The Los Sueños Triple Crown is Costa Rica bill fishing’s most prestigious tournament. Here is how our resident fishing expert Justin DeBoom ended up on the 2019 winning team.
This was a huge opportunity as the friend in question, Dave Mothershead, is the captain of Uno Mas, a 60’ Bayless and part of the famed Uno Mas Sportfishing team. They are one of the best bill fishing teams on the water today.
My first practice day with the crew was exciting and a little nerve-wracking.
I was with some of the best anglers out there and felt out of my league.
But everyone welcomed me with open arms, even though I made mistakes and missed fish during practice. As the rest of our team arrived that week, we kept on practicing.
The team ran like a well-oiled machine. It comprised four (Terry Robinson, Sam Peters, Matt Traber and the pro Jeremy) of the best circle-hook anglers on the water today plus me! Our fearless leader was Captain/Owner Brooks Smith at the helm, with Captain Dave Mothershead working the teasers, our mates Shawn and Eric in the pit, and our tower man Jeremy.
I was fishing with legends and took every opportunity to learn and ask questions until tournament time.
Los Sueños Triple Crown Day 1
One of 47 boats, we left the dock, and I felt nervous, excited and sick to my stomach. I couldn’t believe this was happening.
Over the years, I’ve fished a few tournaments, but the Triple Crown is by far the biggest and most prestigious.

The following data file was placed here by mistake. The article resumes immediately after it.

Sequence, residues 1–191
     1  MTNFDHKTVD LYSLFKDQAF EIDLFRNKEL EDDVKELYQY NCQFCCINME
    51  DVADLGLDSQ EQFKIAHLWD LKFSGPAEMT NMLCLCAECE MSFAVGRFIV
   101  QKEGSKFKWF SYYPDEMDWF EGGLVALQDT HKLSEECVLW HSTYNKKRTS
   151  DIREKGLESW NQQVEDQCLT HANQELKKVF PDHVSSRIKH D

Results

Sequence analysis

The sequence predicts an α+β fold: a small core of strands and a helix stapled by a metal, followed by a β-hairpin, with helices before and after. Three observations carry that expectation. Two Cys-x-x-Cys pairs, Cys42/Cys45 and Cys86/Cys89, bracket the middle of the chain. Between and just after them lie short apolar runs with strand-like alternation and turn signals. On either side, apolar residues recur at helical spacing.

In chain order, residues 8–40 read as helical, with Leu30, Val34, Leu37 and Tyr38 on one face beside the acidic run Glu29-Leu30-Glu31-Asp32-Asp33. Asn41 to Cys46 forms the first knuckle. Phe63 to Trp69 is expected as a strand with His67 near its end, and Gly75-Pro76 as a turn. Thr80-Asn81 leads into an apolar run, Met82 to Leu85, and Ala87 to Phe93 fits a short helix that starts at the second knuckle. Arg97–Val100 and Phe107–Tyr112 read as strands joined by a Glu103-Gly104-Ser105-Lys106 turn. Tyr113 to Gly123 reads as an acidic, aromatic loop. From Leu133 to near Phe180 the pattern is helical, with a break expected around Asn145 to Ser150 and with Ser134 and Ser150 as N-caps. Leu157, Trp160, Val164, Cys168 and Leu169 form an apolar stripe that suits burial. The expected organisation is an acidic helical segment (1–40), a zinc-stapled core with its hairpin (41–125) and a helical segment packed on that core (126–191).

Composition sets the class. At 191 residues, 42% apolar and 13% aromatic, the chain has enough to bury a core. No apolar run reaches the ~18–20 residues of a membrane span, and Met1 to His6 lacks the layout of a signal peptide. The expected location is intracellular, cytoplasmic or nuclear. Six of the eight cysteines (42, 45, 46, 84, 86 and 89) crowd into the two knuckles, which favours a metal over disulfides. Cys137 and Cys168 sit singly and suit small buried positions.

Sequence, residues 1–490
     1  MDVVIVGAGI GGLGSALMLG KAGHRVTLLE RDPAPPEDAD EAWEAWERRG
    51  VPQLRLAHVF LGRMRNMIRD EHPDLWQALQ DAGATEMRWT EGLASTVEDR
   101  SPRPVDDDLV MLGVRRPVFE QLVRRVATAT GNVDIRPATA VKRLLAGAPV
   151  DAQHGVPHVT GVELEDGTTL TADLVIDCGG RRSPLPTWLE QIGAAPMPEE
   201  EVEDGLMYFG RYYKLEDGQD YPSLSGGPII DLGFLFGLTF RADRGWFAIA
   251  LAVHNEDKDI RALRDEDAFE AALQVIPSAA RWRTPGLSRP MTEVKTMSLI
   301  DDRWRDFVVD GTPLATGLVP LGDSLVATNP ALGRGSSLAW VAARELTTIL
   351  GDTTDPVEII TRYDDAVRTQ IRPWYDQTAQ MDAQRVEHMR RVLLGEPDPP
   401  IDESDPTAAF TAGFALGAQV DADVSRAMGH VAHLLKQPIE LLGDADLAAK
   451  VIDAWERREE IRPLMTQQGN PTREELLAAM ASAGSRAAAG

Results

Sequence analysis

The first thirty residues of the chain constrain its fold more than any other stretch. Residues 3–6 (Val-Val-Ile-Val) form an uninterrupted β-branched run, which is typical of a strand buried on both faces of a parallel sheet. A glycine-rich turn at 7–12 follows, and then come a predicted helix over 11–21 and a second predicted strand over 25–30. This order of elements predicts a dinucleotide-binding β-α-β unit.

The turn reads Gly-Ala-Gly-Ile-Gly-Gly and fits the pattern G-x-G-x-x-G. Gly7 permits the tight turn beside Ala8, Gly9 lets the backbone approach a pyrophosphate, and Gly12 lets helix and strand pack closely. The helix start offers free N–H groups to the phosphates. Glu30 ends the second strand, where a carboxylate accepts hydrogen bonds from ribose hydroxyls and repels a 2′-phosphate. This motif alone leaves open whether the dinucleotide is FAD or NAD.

Lines in were at 8:00 am, and as we all settled into our spots and watched the spread, the radio went off.
Then we got a bite.
We didn’t see it before the bite and assumed we had a sailfish. But as we backed down on the fish, the spotter in the tower yelled “marlin!”
We didn’t expect that, but once the fish jumped, the excitement in the cockpit skyrocketed.
After the release, the day was perfect. We had steady action throughout the day with a final tally of one blue marlin and 16 sailfish. The lines out call came out over the radio followed by the days recap. 361 Sailfish and 12 blue marlin released.
That’s when we realized, we’d won the daily for day one.
Back at the dock, Jimmy from Jimmy T’s Provisions was waiting at our slip with the coveted winners platter. Along with cameras and friends, day one was a day to remember.
Los Sueños Triple Crown Day 2
We were all on a high after winning day one and pumped up for the action ahead.
Lines in at 8:00 and we settled in. Almost straight away we got a bite. Like the first one yesterday, no one saw it, but Sam, our angler on the flat, was flawless.
Like yesterday the spotter yelled “marlin” and pandemonium ensued. The marlin put on a show but in a few moments we had the release. From then on the day almost mirrored day one.
At lines out the competition tally was 517 sailfish and 14 marlin released. Our tally came to 16 sailfish and 1 blue marlin.
Pez Collector won the day with 21 sailfish and a marlin released, but we remained in first place for the total tally.
Los Sueños Triple Crown Day 3
Day 3 started out different. We all felt pumped up, but the tension was high. We had a three fish lead over the closest team – a tight margin of error.